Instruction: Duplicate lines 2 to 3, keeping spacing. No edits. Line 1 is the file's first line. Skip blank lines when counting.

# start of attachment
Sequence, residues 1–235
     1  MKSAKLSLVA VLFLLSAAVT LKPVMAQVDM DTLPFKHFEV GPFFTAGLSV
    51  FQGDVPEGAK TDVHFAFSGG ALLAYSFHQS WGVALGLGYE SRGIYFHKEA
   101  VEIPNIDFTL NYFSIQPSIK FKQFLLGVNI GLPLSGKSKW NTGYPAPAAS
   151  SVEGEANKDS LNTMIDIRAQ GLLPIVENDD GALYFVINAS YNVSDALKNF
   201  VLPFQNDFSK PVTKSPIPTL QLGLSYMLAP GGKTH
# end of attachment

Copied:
     1  MKSAKLSLVA VLFLLSAAVT LKPVMAQVDM DTLPFKHFEV GPFFTAGLSV
    51  FQGDVPEGAK TDVHFAFSGG ALLAYSFHQS WGVALGLGYE SRGIYFHKEA